“I have a wall on one side ... and a wall on the other side,” he said.
“Sometimes I want to cut a hole here,” Rucchin continued, pointing at the training room. “Then I could have someone to talk with.”
Never once did Rucchin smile. Never once did anyone believe him.
Kariya was the whiz kid from Vancouver on the Pacific Coast, who was charted and scouted, not to mention tape-measured, from the moment he first laced up a pair of skates, through junior hockey and then shipped to the NHL for immediate stardom.
Rucchin, the big unknown from Thunder Bay, located at the northern end of Lake Superior, whom the Ducks discovered skating around the University of Western Ontario while working toward a medical degree.
“There are not many differences between us,” Rucchin said. “Maybe I got to play on a few more outdoor rinks as a kid.”
Both have labored in Anaheim. Kariya under the microscope, especially by the Canadian media that seemed to pity him serving time in what they perceived as the NHL’s penal colony. Rucchin went about his business anonymously -- until the last two months -- perfectly happy to play Kariya’s Tonto.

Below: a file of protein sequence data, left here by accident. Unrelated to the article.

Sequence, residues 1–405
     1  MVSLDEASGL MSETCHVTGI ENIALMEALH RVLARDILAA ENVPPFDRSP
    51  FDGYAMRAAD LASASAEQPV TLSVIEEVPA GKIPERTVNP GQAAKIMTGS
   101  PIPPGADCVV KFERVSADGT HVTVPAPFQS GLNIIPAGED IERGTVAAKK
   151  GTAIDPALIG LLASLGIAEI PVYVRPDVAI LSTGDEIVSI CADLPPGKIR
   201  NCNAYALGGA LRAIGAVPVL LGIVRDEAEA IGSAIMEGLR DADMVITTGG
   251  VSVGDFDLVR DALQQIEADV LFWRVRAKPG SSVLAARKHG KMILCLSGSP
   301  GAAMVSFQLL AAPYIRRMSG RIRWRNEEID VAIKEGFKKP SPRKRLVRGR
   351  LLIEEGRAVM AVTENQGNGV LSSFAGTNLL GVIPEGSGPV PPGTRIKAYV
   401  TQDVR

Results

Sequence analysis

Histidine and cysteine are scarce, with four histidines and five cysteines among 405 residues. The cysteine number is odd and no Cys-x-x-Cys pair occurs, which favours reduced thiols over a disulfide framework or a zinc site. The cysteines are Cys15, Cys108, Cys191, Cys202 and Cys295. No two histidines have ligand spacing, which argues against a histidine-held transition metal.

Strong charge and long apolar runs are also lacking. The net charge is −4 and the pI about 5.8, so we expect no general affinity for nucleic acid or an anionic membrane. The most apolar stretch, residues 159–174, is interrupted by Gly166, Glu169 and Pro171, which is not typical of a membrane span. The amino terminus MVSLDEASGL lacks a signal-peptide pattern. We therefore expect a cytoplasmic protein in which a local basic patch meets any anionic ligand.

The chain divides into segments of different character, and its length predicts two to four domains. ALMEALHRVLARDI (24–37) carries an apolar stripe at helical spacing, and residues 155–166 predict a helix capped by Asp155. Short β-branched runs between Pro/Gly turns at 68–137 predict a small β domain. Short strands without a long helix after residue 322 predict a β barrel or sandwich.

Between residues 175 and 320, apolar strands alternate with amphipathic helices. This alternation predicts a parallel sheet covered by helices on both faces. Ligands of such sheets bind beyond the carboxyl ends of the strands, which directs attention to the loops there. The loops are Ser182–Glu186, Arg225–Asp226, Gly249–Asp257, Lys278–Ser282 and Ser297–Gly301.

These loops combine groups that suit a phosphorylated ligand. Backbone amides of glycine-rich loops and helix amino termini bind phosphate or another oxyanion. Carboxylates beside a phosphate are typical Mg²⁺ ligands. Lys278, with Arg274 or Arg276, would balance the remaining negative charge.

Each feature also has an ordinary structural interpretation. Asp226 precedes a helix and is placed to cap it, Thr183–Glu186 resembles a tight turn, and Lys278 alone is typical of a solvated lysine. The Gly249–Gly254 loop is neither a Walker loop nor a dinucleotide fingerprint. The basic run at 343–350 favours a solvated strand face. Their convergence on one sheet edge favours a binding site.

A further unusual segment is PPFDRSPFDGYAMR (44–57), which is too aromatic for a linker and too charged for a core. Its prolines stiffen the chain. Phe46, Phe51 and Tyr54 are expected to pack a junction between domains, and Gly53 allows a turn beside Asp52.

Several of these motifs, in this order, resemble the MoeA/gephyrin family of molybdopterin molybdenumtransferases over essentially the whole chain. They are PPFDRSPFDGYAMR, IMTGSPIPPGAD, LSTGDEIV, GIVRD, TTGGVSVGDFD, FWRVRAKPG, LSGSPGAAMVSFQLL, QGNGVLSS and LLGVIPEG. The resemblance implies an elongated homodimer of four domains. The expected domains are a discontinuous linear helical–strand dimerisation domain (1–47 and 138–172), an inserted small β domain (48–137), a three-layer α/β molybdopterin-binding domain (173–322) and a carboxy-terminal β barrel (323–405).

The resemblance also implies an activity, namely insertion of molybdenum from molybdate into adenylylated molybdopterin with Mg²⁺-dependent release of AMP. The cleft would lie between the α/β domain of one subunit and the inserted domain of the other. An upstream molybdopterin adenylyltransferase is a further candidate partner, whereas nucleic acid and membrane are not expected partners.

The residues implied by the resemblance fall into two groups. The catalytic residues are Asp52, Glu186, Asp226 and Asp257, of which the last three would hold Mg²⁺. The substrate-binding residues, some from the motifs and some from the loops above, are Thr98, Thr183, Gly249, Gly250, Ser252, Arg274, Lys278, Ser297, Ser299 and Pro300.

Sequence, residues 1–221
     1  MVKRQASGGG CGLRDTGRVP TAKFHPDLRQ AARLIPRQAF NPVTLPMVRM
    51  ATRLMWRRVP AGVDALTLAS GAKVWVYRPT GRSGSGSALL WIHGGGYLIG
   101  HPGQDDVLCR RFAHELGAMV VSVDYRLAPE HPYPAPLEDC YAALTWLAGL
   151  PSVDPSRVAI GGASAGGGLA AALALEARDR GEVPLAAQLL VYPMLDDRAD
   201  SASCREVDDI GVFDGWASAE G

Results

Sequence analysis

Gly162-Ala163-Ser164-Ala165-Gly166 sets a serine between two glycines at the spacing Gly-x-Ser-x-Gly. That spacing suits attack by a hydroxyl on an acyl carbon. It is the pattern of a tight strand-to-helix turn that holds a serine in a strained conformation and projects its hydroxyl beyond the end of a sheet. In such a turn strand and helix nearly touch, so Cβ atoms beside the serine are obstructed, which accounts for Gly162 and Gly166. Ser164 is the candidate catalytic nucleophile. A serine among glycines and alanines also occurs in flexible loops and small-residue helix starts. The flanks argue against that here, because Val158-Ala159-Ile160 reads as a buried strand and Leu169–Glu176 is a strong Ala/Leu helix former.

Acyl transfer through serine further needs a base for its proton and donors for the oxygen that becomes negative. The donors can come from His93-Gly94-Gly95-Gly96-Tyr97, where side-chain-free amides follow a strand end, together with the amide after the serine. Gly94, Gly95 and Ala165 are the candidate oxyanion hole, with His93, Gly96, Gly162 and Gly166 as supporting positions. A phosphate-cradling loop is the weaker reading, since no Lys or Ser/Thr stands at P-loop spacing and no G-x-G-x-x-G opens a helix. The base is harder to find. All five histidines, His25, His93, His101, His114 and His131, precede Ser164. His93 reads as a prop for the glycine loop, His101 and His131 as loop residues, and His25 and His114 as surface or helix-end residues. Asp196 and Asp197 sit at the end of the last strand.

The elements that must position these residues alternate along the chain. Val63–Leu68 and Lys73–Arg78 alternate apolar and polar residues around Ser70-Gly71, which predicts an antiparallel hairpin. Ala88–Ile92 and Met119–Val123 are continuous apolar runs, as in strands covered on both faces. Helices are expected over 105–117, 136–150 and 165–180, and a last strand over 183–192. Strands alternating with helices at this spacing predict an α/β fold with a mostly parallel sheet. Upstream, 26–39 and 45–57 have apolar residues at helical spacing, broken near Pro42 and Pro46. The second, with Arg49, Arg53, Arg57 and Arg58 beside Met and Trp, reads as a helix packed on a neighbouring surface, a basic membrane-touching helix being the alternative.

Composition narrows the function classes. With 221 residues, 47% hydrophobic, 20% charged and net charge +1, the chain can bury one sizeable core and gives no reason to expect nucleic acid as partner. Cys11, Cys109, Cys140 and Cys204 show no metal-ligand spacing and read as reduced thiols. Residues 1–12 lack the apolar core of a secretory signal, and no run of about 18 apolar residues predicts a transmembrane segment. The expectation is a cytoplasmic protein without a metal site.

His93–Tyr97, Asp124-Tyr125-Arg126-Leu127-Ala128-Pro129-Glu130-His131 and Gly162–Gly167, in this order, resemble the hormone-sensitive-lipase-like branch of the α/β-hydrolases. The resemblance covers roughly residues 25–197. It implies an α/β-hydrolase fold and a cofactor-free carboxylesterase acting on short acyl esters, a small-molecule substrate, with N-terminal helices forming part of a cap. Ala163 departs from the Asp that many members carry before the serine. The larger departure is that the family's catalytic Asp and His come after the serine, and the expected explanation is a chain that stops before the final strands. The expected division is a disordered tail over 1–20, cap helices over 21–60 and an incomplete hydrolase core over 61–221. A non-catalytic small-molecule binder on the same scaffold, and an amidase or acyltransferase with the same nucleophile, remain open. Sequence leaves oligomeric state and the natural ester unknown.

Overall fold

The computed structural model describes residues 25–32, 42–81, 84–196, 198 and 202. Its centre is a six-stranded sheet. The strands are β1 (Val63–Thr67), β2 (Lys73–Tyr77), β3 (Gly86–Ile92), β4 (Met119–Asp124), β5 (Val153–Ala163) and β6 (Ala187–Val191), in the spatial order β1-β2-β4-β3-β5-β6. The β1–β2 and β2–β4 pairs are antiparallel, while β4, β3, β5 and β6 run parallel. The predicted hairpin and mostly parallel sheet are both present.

Both have had career-threatening injuries. Kariya spent a blurry six months after suffering a concussion in 1997-98. Rucchin wore out a path to the surgeon because of freak injuries -- broken cheek bone, broken nose, broken ankle -- that broke Duck dreams the last two seasons.
Both have dealt with loss in the last year. Kariya’s father, T.K. Kariya, died from a heart attack in December. Last June, Rucchin’s brother, Larry Rucchin, died after a two-year struggle with cancer.
And Kariya and Rucchin are still in Anaheim.
“I feel like a traitor, but I am sort of rooting for [the Ducks] because of some of the people involved,” said San Jose Coach Ron Wilson, who was the Mighty Duck coach for four seasons. “Especially Paul and Steve. It’s been a tough few years for the two of them, with Steve’s brother dying of cancer and Paul’s dad dying. Those are special stories.